Residents described their ideal superintendent at the first of three community forums Wednesday.
Tampa Bay Times | By Marlene Sokol | February 24, 2022
The next superintendent of the Pinellas County Schools will need integrity and a commitment to providing students with a well-rounded education.
Drawing on assets that include a strong executive staff and a robust network of career academies, the district’s new leader will have to navigate lean budgets, new state teaching standards, and a world that has become frighteningly uncivil.
The group who gathered for Wednesday night’s community meeting at Pinellas Park High School, the first in a series to help select a replacement for the retiring Mike Grego, laid out these and other priorities.
“We need someone who has a commitment to educating the whole child, is committed to the value of the whole child,” said Maria Cantonis, an advocate for arts in education.
The district and its consulting team from the Florida School Boards Association offered multiple ways for members of the public to participate, including a satellite location at Oak Grove Middle School and Zoom links for those who wanted to take part from home.
“I really understand what teachers have to deal with,” said consulting team member Bill Vogel, noting the multiple platforms. “But all of you are nice people. And I don’t have to give you a test. And I don’t have to learn the (state) standards.”
Still, turnout was nowhere near the more than 100 who took part in last week’s employee sessions. The biggest source of feedback, by far, has been an online survey that mirrors the short list of questions asked at the community meetings.
So far, district leaders said, they have received close to 3,000 responses.
A second 6 p.m. community meeting is planned Thursday at Countryside High. A third will take place at St. Petersburg High on Monday, which is also the deadline to complete the online survey.
Chris Dunning and Kimberly Works were first to arrive at Pinellas Park. Dunning is principal of Wendell Krinn Technical High School in Pasco. Works is employed in the insurance industry and is running for a seat on the Pinellas County School Board.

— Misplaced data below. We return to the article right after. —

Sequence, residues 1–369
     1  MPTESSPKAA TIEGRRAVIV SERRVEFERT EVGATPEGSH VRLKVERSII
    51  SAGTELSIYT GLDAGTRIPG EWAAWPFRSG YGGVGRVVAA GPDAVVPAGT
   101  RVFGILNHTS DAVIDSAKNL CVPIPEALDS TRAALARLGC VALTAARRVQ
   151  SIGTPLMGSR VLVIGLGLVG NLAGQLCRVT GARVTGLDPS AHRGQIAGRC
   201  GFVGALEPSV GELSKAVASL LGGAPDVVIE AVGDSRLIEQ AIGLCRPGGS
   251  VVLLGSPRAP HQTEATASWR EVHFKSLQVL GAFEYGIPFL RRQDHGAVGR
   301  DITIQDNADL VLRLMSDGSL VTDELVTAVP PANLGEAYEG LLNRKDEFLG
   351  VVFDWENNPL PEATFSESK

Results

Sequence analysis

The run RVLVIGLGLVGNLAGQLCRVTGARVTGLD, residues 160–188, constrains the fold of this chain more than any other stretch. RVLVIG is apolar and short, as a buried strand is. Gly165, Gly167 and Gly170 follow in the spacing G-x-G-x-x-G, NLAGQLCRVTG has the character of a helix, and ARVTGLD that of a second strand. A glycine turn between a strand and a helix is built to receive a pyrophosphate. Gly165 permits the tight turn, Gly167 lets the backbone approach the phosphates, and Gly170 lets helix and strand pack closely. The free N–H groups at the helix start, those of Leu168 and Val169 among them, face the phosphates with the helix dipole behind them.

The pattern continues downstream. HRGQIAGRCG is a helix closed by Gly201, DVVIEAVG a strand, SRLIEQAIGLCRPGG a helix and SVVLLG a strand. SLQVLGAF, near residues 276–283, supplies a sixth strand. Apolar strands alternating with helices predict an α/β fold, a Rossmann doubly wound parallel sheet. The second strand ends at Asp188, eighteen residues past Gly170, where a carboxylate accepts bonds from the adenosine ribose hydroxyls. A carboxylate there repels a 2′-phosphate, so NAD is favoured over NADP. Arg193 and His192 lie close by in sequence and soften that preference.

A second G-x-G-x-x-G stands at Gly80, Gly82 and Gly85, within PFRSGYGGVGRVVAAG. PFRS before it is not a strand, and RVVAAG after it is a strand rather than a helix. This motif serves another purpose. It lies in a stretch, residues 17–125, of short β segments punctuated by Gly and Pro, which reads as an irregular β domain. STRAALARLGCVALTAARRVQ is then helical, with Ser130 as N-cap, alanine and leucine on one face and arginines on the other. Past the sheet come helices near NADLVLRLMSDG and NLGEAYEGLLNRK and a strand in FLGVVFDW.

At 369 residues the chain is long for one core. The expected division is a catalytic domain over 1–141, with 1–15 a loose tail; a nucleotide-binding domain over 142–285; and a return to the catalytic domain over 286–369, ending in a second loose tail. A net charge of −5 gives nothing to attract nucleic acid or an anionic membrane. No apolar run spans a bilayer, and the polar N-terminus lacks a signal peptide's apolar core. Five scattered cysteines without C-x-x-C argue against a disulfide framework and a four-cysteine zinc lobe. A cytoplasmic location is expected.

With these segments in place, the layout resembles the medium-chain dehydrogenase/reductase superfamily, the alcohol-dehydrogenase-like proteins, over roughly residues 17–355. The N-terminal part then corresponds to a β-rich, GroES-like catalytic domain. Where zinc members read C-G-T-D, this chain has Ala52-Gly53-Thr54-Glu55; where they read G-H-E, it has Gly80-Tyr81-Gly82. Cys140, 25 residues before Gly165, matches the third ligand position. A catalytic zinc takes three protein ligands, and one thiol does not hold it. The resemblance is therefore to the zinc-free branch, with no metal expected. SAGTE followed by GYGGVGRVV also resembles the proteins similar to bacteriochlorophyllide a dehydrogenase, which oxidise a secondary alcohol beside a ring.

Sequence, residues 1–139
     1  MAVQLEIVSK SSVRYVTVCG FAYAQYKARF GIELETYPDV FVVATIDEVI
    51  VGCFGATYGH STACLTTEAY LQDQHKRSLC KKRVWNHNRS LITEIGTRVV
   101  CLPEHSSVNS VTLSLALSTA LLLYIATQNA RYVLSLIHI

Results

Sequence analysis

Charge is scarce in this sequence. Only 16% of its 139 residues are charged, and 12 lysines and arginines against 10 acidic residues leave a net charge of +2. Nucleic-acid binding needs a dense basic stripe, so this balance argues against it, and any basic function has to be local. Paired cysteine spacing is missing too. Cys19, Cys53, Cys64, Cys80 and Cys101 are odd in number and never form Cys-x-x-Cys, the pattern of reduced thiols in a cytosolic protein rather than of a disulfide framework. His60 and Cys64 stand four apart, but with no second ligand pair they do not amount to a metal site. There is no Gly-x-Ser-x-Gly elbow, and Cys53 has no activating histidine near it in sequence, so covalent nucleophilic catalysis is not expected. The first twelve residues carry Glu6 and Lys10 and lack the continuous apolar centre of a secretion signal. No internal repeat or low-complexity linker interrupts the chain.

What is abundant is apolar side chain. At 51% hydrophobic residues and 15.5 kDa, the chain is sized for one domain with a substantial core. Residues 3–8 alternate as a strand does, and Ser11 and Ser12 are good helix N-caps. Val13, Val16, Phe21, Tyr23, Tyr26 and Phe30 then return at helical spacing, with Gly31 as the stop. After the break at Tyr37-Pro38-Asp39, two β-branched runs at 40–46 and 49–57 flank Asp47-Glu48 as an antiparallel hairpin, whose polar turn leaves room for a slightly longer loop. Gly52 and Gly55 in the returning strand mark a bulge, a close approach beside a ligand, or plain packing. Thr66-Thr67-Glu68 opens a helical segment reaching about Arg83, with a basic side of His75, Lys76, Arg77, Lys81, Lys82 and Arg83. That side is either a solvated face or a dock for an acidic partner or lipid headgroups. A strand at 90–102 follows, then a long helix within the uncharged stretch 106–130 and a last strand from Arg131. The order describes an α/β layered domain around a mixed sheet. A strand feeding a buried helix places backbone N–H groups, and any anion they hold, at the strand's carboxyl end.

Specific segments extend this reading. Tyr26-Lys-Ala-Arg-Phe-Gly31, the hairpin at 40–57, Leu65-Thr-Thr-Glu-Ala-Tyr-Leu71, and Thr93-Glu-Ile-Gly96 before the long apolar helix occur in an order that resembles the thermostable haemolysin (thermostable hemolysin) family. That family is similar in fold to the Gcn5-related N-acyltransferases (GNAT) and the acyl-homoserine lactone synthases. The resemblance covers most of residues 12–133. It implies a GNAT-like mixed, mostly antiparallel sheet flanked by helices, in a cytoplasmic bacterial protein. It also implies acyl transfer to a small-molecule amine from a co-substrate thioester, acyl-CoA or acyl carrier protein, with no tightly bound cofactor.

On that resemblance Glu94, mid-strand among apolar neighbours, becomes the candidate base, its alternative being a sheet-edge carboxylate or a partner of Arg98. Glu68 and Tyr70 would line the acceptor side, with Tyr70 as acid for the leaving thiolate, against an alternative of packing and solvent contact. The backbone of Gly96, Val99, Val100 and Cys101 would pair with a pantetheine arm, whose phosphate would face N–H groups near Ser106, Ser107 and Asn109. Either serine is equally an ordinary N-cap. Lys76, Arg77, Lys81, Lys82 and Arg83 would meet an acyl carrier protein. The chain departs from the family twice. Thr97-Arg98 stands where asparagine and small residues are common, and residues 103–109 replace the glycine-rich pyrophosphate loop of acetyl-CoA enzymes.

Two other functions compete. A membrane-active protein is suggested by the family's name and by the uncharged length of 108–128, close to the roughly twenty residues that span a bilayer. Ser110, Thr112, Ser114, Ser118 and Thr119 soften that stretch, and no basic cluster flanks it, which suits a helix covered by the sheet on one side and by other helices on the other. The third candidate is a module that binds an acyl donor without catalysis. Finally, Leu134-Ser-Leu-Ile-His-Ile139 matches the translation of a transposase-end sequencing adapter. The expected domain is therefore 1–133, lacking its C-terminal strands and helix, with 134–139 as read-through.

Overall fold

Dunning said he is exploring the possibility of applying for the superintendent job. He has experience at all grade levels, he said, and his wife is a Pinellas native.
Works said she wants to learn about the superintendent search process in case she takes part in it one day.
They were joined by Cantonis and Glenn Gifford, who serves on a career education board.
In the area of strengths, Cantonis noted the strong support Pinellas residents have shown the schools through their approval every four years of a special property tax for teacher pay, arts instruction and other enhancements. “Pinellas is very blessed for having the referendum,” she said.
Works named exceptional student education as both a source of pride for the Pinellas district and a challenge to maintain. Gifford said the district needs a leader who understands budgets, has a sense of humor and is familiar with the community.
Summarizing the feedback from last week’s meetings, Vogel, the consultant, said employees seem proud of the district and what it has accomplished under Grego’s leadership.
They want stability, he said. They are apprehensive about the future because of challenges that affect all public school systems: workplace stress made worse by the pandemic, labor shortages at all levels, and the prospect of new standards.
Information from the surveys and meetings will be put to use when the School Board and consultants draft a job description. “We will get all of the information together and we will determine the qualities and qualifications,” Vogel said.
No decision has been made yet about whether to require a doctoral degree.
“But that is normally preferred,” Vogel said, and those at Wednesday’s meeting generally agreed.